During January 2015, the Company began to occupy additional office space constructed under a 15-year build-to-suit lease signed in December 2013. During the construction of the premises, the Company was deemed the “owner” for accounting purposes due to its extensive involvement in the construction process. Upon completion, the Company was also deemed the “owner” for accounting purposes due to its continuing involvement. As such, costs included in construction-in-progress for the building and related assets were recorded in “Property and equipment, net” and the related financing obligation of $20,865 remained recorded as of March 31, 2015.

9. Stock-based Compensation

Restricted Stock Units

During January 2015, the Company granted 26,050 restricted stock units to employees with an aggregate grant date fair value of $815. These restricted stock units vest in equal annual installments generally over 4 years from the grant date. The Company amortizes the fair value of the stock subject to the restricted stock units at the time of grant on a straight-line basis over the period of vesting. The Company recognizes the income tax benefits resulting from vesting of restricted stock units in the period they vest, to the extent the compensation expense has been recognized.

 

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10. Stockholders’ Equity (Deficit)

Common Stock

The holders of common stock are entitled to one vote for each share. The voting, dividend and liquidation rights of the holders of common stock are subject to and qualified by the rights, powers and preferences of the holders of any preferred stock.

At March 31, 2015, the Company had reserved a total of 5,557,826 of its authorized 50,000,000 shares of common stock for future issuance as follows:

 

Outstanding stock options

  2,282,707   

Restricted stock units

  684,948   

Possible future issuance under stock option plans

  2,009,358   

Warrant to purchase common stock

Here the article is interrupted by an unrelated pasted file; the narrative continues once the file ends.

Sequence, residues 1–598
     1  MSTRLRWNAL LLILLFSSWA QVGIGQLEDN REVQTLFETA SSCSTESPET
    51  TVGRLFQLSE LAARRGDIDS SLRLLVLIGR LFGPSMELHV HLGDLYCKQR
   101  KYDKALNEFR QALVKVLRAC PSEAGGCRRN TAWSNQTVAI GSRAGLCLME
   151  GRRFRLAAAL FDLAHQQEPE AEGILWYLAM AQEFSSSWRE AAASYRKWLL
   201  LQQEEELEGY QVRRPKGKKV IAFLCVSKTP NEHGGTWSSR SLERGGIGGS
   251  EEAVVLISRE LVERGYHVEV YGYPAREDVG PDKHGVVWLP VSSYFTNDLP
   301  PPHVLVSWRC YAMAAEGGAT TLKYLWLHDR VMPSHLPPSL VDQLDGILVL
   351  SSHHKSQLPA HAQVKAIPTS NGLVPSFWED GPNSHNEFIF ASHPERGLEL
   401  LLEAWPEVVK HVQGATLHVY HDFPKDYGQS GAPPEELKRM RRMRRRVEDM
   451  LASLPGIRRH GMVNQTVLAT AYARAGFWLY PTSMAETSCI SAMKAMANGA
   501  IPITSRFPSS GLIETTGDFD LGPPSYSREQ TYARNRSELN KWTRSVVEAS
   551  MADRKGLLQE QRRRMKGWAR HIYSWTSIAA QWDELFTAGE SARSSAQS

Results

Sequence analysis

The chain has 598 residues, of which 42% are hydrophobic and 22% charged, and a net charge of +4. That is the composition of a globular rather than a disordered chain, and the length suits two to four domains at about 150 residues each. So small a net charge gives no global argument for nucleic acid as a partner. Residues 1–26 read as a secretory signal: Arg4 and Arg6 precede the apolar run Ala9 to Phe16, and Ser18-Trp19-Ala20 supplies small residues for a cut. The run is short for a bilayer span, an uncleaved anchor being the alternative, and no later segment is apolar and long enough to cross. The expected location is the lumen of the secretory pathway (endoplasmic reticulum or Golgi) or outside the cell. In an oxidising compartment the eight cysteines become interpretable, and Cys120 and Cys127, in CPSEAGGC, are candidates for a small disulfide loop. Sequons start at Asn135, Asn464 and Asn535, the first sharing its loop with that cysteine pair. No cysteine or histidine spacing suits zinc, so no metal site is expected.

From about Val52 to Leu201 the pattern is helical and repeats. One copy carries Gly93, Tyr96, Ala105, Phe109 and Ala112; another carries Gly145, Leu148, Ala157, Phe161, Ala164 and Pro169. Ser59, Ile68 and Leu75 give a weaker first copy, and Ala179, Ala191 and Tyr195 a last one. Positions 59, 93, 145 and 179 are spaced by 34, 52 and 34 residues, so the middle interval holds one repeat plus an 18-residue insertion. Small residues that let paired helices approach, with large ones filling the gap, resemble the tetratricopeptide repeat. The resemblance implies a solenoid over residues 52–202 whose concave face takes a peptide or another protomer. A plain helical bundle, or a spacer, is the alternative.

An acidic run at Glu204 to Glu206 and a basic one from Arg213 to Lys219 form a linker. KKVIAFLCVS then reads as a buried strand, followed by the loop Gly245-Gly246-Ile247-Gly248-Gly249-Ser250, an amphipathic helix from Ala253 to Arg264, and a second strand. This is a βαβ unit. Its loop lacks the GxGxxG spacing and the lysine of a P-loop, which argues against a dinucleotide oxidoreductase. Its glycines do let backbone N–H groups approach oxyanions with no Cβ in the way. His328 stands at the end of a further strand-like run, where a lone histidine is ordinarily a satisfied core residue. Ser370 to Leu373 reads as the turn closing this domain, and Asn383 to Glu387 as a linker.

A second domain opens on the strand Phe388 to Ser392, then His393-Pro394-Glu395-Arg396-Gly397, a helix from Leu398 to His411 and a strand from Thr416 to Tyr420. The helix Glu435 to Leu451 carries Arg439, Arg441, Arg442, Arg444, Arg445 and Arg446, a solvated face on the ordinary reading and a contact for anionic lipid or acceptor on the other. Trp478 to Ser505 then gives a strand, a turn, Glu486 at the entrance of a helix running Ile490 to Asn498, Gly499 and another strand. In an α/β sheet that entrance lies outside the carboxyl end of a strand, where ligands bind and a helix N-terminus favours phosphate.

580,813   
  

 

 

 

Total common shares reserved for future issuance

  5,557,826   
  

 

 

 

On February 24, 2015 and in conjunction with the amendment to the commercial contract described in Note 13, the Company entered into a Securities Purchase Agreement to sell shares of its common stock to Mercer, LLC (“Mercer”), a customer of the Company. Pursuant to the agreement, on the same date, the Company sold 2,817,526 shares of its common stock to Mercer for $26.50 per share or an aggregate of $74,664. At the same time, the Company also issued Mercer a warrant to purchase up to an additional 580,813 shares of its common stock for $26.50 per share at any time during the 30-month term of the warrant. The agreement, among other things, includes certain standstill provisions and prevents Mercer from disposing of its shares of Company common stock until the earlier of December 31, 2017, the expiration or termination of the Mercer Exchange Software as a Service Agreement, as amended, between the Company and Mercer Health & Benefits, LLC, the date on which Mercer and its affiliates own less than 75% of the shares it purchased pursuant to the Securities Purchase Agreement, and the date on which Mercer and its affiliates own less than 5% of the outstanding common stock of the Company. The Company received all of the proceeds from this sale of shares and will use the proceeds for working capital and other general corporate purposes.

The Stock Purchase Agreement, warrant agreement and amended commercial contract are considered part of a single arrangement and accounted for in accordance with the multiple-element arrangement guidance outlined in ASC 605-25, Revenue: Multiple-Element Arrangements . The aggregate consideration from the arrangement was allocated to the units of accounting in the arrangement based on their estimated relative selling price, which resulted in $74,331 of consideration being allocated to common stock and warrant.

11. Income Taxes

The Company’s effective federal tax rate for the three months ended March 31, 2015 was less than one percent, primarily as a result of estimated tax losses for the fiscal year offset by the increase in the valuation allowance on the net operating loss carryforwards. Current tax expense relates to estimated state income taxes.

12. Segments and Geographic Information

Operating segments are defined as components of an enterprise for which discrete financial information is available that is evaluated regularly by the chief operating decision maker (“CODM”) for purposes of allocating resources and evaluating financial performance. The Company’s CODM, the Chief Executive Officer, reviews financial information presented on a consolidated basis, accompanied by information about operating segments, for purposes of allocating resources and evaluating financial performance.